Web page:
Soil nitrate accumulations following nitrogen-fertilized corn in Pennsylvania

Gregory Wayne Roth, R. H. Fox

Research output: Contribution to journalArticle

110 Citations (Scopus)

Abstract

Nitrare (NO3-N) contamination of surface waters and groundwater in Pennsylvania has made it necessary to evaluate the impact of N fertilization practices for corn (Zea mays L.) on the accumulation of NO- 3-N in the soil. This study was initiated to (i) determine soil NO- 3-N accumulations following the harvest of corn fertilized at various N rates in Pennsylvania, (ii) estimate the soil nitrate accumulation at the economic optimum N rate under a range of conditions, and (iii) estimate changes in soil NO- 3-N over the winter. Soils in nine N response experiments in central and southeastern Pennsylvania and in a long-term N source experiment in central Pennsylvania were sampled in 30.5-cm increments to 122 cm following corn harvest in the fall of either 1986 or 1987. Five of these experiments were sampled again the folowing spring. All experiments were located on limestone-derived silt loams classified as either Duffield (fine-loamy, mixed, mesic Ultic Hapludalfs), Hagerstown (fine, mixed, mesic Typic Hapludalfs), or Murrill (fineloamy, mixed, mesic Typic Hapludults) soils. Soil NO- 3-N accumulation 120 cm in N response experiments, averaged over N rates, ranged from 36 to 295 kg NO- 3N ha-1. Sites with a history of manure applications generally had greater NO- 3-N accumulation. At economic optimum N (EON) fertilizer rates, estimates of soil NO- 3-N accumulation to 120 cm ranged from 41 to 138 kg N ha-1. Accumulations at the EON averaged 74 kg ha-1 in nonmaunured sites and 94 kg ha-1 in responsive, manured sites. Soil NO- 3-N accumulation in two check treatments on manured sites where no yield response to N occurred averaged 169 kg NO- 3-N ha-1. In the longterm experiment, soil NO-1. In the longterm experiment, soil NO- 3-N accumulation at the economic optimum N rate in the manured system was greater (135 kg N ha-1) than in the nonmanured system (115 kg N ha-1). Changes in soil NO- 3-N accumulations between fall and spring were variable , but often a substantial accumulation was still present in the spring. The results of this study indicate need for careful N management in manurebased systems, identification of nonrespinsive and potentially polluting sites, and consideration of soil NO- 3-N accumulation in N fertilizer recommendations.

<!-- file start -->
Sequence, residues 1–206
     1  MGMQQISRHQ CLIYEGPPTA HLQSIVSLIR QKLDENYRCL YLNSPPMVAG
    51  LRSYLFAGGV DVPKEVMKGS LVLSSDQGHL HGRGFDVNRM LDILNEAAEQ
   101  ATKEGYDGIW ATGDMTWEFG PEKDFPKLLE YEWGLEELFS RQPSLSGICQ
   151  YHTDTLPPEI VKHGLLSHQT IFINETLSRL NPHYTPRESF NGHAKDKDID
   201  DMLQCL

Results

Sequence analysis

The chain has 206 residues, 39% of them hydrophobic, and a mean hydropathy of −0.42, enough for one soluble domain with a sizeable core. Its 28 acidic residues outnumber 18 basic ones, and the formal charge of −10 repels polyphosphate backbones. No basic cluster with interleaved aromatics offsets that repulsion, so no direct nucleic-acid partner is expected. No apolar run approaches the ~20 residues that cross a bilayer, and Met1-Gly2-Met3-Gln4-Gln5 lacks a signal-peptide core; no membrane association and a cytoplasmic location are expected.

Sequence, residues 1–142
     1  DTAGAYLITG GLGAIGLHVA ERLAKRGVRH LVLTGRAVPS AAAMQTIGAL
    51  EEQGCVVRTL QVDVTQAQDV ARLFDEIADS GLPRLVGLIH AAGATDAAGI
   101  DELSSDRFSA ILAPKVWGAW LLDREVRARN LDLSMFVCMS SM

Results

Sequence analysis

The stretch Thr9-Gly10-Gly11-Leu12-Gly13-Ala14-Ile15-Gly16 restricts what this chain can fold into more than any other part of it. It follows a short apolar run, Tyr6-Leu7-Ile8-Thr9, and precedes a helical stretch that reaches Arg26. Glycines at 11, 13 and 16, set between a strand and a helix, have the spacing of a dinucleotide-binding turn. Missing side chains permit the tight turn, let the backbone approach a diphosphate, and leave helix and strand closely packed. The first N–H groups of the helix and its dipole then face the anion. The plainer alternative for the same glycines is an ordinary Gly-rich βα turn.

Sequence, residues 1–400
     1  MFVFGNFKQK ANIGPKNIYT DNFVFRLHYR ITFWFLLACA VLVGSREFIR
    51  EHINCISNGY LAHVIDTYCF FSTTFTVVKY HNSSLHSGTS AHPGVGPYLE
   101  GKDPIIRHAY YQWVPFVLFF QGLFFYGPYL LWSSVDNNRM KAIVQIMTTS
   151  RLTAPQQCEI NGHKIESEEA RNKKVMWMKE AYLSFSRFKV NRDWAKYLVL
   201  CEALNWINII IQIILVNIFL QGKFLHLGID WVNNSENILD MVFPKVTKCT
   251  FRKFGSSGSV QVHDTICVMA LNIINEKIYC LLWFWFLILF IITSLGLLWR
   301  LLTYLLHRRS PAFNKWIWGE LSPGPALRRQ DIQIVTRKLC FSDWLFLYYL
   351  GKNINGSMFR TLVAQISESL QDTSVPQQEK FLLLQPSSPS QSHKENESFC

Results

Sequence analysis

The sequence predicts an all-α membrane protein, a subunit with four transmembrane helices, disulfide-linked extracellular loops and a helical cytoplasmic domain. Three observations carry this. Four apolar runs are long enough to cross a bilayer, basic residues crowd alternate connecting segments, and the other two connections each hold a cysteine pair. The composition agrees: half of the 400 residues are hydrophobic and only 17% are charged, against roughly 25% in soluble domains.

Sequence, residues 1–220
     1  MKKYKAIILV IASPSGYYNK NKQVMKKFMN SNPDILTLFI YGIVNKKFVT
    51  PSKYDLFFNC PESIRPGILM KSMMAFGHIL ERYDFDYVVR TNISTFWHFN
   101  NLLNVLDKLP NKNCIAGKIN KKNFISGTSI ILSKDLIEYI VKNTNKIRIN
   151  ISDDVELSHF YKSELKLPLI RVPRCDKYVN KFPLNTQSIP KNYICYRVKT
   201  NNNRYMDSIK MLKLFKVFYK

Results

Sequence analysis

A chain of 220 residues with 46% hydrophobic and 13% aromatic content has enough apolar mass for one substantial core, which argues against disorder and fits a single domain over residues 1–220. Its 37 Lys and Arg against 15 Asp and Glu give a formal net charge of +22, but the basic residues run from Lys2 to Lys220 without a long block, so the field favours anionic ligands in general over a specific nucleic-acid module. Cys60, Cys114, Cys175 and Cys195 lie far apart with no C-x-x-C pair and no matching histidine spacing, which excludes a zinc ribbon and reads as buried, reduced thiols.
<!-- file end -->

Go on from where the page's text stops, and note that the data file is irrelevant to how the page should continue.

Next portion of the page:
Original languageEnglish (US)
Pages (from-to)243-248
Number of pages6
JournalJournal of Environmental Quality
Volume19
Issue number2
DOIs
StatePublished - Jan 1 1990

Fingerprint

Nitrates
maize
nitrate
Nitrogen
Soils
nitrogen
soil
experiment
Experiments
Economics
Fertilizers
economics
fertilizer
yield response
Manures
Silt
Limestone
Surface waters
Groundwater
manure

All Science Journal Classification (ASJC) codes

  • Environmental Engineering
  • Water Science and Technology
  • Waste Management and Disposal
  • Pollution
  • Management, Monitoring, Policy and Law

Cite this

Roth, Gregory Wayne ; Fox, R. H. / Soil nitrate accumulations following nitrogen-fertilized corn in Pennsylvania. In: Journal of Environmental Quality. 1990 ; Vol. 19, No. 2. pp. 243-248.
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Soil nitrate accumulations following nitrogen-fertilized corn in Pennsylvania. / Roth, Gregory Wayne; Fox, R. H.

In: Journal of Environmental Quality, Vol. 19, No. 2, 01.01.1990, p. 243-248.

Research output: Contribution to journalArticle

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N2 - Nitrare (NO3-N) contamination of surface waters and groundwater in Pennsylvania has made it necessary to evaluate the impact of N fertilization practices for corn (Zea mays L.) on the accumulation of NO- 3-N in the soil. This study was initiated to (i) determine soil NO- 3-N accumulations following the harvest of corn fertilized at various N rates in Pennsylvania, (ii) estimate the soil nitrate accumulation at the economic optimum N rate under a range of conditions, and (iii) estimate changes in soil NO- 3-N over the winter. Soils in nine N response experiments in central and southeastern Pennsylvania and in a long-term N source experiment in central Pennsylvania were sampled in 30.5-cm increments to 122 cm following corn harvest in the fall of either 1986 or 1987. Five of these experiments were sampled again the folowing spring. All experiments were located on limestone-derived silt loams classified as either Duffield (fine-loamy, mixed, mesic Ultic Hapludalfs), Hagerstown (fine, mixed, mesic Typic Hapludalfs), or Murrill (fineloamy, mixed, mesic Typic Hapludults) soils. Soil NO- 3-N accumulation 120 cm in N response experiments, averaged over N rates, ranged from 36 to 295 kg NO- 3N ha-1. Sites with a history of manure applications generally had greater NO- 3-N accumulation. At economic optimum N (EON) fertilizer rates, estimates of soil NO- 3-N accumulation to 120 cm ranged from 41 to 138 kg N ha-1. Accumulations at the EON averaged 74 kg ha-1 in nonmaunured sites and 94 kg ha-1 in responsive, manured sites. Soil NO- 3-N accumulation in two check treatments on manured sites where no yield response to N occurred averaged 169 kg NO- 3-N ha-1. In the longterm experiment, soil NO-1. In the longterm experiment, soil NO- 3-N accumulation at the economic optimum N rate in the manured system was greater (135 kg N ha-1) than in the nonmanured system (115 kg N ha-1). Changes in soil NO- 3-N accumulations between fall and spring were variable , but often a substantial accumulation was still present in the spring. The results of this study indicate need for careful N management in manurebased systems, identification of nonrespinsive and potentially polluting sites, and consideration of soil NO- 3-N accumulation in N fertilizer recommendations.

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